There is a little man who sits at a control panel just behind my eyes. He wears a helmet, because the going often gets rough. His panel is littered with knobs and dials and gauges, like a Jules Verne submarine or a ’50s era space rocket. He has a hard job, that little man.
When the rubber meets the road (or the trail), you rapidly lose control, even of those things you previously thought fell firmly within your bailiwick. It is easy to see that the exigencies of climate and topography lie beyond your purview. It is sometimes harder to admit that you don’t entirely run the show, even within the confines of your own skin.
I learned this most recently while running up Haystack Mountain in Southern Vermont. The steeply-pitched, loose-rocked trail runs 2.5 miles to the summit, from which one can see much of the valley behind Mount Snow, a popular local ski hill. I expected to hammer for half-an-hour, see the pretty view and then amble down at a brisk jog.
It is hard to run up hill over loose rock, so I was pretty well in the red the entire time, my breath ragged, my footing unsure, the little man at the control panel barely able to keep the ship going in the right direction (up) as I quickly lost control of things I formerly might have said were well in hand. The function of my quadriceps. My balance. My max heart rate.
This is the fertile land tilled by sports psychologists. How do you maintain control when all the gauges run into the red, when oil pressure drops, when the tires go flat?
When you are on someone’s wheel, catching your breath and plotting your next move, you are in the flow of things. You are managing your resources well enough to get strategic about what comes next. Sports psychologists specialize in helping you make those same sorts of decisions when you are decidedly NOT in the flow of things. They help you get the little man comfortable in his chair.
In my upward struggle, I found it necessary to shut down certain systems so as to shift resources to others. I stopped trying to see anything other than my next foot step. This is akin to, on a long steep climb, staring down at your slowly churning cranks or just off the front of your wobbling front wheel. It narrows your focus enough that you can bring in other types of sensory input. I have, on particularly brutal climbs, both on foot and on the bike, been able to move the workload from one muscle group to another in order to recuperate while still making forward progress.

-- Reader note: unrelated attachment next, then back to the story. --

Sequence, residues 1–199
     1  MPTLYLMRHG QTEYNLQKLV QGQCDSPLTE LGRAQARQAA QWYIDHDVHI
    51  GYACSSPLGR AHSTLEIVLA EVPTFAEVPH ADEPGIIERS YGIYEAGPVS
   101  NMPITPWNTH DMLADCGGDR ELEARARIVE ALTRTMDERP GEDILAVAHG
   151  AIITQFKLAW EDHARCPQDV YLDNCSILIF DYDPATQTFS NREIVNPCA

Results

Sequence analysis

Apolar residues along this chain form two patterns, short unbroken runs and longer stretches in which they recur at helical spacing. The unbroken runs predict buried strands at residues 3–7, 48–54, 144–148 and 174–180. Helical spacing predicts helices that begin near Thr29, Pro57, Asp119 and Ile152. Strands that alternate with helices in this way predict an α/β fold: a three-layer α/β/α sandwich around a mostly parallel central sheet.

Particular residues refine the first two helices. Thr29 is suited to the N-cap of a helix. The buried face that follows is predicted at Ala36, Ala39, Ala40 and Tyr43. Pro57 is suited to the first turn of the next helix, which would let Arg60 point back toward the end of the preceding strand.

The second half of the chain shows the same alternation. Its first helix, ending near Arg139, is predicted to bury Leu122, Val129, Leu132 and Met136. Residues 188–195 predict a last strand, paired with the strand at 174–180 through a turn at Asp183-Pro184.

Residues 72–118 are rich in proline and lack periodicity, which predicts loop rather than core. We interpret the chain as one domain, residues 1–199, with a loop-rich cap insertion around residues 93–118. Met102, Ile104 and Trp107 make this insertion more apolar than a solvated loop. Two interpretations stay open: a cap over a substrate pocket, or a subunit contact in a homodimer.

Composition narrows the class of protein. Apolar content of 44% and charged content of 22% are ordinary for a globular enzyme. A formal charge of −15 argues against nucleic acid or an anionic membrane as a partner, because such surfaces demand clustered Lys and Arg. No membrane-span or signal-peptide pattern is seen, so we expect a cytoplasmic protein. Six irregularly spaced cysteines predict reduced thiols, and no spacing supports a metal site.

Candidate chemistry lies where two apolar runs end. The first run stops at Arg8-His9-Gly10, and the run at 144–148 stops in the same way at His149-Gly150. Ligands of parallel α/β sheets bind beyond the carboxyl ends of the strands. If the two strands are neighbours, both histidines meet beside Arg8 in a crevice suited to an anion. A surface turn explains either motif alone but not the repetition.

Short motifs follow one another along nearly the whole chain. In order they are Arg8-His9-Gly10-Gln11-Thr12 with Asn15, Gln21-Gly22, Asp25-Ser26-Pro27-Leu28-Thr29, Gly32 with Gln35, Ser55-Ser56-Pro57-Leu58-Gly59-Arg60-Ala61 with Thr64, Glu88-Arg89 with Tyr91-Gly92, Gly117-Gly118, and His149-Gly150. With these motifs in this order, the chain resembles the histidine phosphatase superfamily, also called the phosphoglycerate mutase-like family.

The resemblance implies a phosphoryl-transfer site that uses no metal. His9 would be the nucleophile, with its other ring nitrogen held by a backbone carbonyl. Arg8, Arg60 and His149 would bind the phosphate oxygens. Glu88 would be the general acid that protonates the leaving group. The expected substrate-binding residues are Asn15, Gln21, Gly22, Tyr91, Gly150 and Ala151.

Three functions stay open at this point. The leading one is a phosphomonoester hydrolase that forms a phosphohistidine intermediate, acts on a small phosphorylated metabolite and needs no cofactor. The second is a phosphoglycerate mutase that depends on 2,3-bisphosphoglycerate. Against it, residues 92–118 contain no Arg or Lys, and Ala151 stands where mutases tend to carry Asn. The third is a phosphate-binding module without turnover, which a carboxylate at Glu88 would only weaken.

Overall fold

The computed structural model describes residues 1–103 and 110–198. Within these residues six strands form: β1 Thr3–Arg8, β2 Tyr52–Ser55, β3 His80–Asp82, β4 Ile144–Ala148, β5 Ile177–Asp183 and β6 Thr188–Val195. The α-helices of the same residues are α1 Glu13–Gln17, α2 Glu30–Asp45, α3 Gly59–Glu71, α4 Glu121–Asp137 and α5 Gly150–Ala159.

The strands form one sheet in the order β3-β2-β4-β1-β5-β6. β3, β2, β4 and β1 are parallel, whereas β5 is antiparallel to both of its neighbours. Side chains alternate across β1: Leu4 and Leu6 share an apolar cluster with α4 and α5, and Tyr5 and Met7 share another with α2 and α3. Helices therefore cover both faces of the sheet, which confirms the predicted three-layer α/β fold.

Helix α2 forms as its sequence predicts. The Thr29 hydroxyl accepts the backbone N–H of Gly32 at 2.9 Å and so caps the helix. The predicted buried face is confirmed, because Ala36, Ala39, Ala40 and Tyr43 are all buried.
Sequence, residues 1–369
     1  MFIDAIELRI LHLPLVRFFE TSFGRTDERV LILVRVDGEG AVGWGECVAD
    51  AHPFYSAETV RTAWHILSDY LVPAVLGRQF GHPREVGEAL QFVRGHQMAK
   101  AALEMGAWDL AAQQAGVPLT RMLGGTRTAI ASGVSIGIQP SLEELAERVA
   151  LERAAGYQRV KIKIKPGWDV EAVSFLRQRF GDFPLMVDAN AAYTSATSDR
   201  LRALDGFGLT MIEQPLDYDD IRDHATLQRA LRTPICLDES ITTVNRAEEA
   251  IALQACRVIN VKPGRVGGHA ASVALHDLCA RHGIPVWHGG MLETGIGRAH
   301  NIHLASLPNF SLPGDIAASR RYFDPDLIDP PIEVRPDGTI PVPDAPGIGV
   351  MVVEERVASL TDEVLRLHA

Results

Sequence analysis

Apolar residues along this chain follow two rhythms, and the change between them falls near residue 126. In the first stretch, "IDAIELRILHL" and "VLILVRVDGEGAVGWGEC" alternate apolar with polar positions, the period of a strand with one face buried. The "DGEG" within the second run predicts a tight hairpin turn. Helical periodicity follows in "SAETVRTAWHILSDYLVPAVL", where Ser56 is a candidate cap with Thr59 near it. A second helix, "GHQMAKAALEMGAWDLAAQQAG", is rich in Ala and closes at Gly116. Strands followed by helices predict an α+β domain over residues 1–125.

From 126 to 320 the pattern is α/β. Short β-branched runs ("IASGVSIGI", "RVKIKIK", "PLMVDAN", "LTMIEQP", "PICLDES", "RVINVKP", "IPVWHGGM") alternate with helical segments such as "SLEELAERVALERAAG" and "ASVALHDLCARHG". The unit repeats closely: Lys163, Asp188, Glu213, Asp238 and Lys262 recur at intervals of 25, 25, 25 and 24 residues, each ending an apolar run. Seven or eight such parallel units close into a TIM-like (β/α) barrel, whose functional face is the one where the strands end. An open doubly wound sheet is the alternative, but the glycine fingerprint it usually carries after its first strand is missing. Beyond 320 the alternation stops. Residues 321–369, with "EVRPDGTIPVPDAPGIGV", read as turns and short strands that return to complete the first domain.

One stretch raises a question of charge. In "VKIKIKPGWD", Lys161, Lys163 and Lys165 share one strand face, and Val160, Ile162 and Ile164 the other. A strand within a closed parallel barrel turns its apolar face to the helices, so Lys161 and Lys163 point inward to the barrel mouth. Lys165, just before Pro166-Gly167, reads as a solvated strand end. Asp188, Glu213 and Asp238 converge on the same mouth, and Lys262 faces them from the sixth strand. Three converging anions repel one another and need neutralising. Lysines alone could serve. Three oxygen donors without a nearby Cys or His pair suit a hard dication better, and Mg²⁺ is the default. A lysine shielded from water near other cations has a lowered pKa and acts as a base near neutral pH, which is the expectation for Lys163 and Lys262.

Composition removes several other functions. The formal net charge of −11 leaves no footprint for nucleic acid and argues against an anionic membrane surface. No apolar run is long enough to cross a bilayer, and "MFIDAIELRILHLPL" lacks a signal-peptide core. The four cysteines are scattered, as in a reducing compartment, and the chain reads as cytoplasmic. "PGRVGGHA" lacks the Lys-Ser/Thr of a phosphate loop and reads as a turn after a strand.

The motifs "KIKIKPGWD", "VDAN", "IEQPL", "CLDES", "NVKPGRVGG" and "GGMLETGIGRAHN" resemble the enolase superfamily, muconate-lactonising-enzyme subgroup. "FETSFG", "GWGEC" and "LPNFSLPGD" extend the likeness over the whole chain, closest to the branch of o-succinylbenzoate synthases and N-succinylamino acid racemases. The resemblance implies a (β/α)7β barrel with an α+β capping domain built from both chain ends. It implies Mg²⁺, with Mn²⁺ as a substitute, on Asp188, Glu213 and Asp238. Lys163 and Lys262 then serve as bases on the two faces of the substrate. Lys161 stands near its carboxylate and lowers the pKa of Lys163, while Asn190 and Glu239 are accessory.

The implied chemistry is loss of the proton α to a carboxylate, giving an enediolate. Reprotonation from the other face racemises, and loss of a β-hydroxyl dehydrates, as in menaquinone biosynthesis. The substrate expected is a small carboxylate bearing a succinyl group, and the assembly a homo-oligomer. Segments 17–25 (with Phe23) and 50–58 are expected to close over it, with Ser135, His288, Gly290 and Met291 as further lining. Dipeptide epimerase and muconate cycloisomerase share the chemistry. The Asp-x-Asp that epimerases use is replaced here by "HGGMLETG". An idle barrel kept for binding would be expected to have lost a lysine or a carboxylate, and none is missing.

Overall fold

Pedal with your ankles. Run with your hips.
Breathing is an autonomic function (i.e. your reptile brain does it for you most of the time), but as you approach your maximum heart rate (none of the equations I’ve seen accurately predict my threshold incidentally), your reptile brain stops regulating the breaths and moves into gasp-mode.
If the little man can do one thing for me it is to turn those gasps into regular gasps, so that my muscles are getting measured sips of oxygen rather than willy-nilly blasts that come few at a time and too far in between.
By narrowing my focus to the ground in front of my feet, shifting the workload from quads to hips and back again, and forcing my breath into something resembling a pattern I was able to crest the summit of Mount Haystack in 25 minutes, where I discovered that the top was completely fogged in.
This felt like a triumph anyway, not because I ran up a (small) mountain, but rather because I learned some ways to retain control during peak effort.
We all know those moments where what we’re doing scrambles our thoughts sufficiently that our performance breaks down. This is “blowing up” in the common parlance. As each of us pushes against our limits, this is the real challenge, to keep your head straight enough to be able to manage the strain.
You’re slipping off the back of a pace line, facing the 30 mile ride home alone. Your legs are screaming, or they’ve turned to wood. Sensory input is flooding the control room. It is hard to know what to do.
This is your final frontier. This is piloting the ship.